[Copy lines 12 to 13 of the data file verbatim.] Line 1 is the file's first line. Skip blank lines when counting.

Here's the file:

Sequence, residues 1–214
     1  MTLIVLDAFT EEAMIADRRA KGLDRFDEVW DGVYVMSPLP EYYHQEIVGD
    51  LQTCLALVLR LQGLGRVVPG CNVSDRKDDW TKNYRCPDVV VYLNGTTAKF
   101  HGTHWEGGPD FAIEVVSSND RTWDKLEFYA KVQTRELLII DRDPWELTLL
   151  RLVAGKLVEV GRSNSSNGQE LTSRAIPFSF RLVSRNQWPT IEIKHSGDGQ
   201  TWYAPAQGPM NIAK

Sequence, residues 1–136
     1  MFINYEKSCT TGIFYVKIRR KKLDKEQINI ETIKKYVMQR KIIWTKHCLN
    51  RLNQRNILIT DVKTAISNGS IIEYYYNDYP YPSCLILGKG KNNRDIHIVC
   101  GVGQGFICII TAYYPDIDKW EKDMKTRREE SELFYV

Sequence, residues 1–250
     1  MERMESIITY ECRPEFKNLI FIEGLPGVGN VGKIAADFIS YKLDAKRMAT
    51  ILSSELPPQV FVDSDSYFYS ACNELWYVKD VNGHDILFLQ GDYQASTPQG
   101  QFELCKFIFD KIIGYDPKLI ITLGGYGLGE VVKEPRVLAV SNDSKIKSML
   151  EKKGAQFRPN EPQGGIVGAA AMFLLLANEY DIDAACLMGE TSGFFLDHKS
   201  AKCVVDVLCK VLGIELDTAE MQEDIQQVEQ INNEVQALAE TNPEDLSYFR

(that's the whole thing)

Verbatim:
     1  MERMESIITY ECRPEFKNLI FIEGLPGVGN VGKIAADFIS YKLDAKRMAT
    51  ILSSELPPQV FVDSDSYFYS ACNELWYVKD VNGHDILFLQ GDYQASTPQG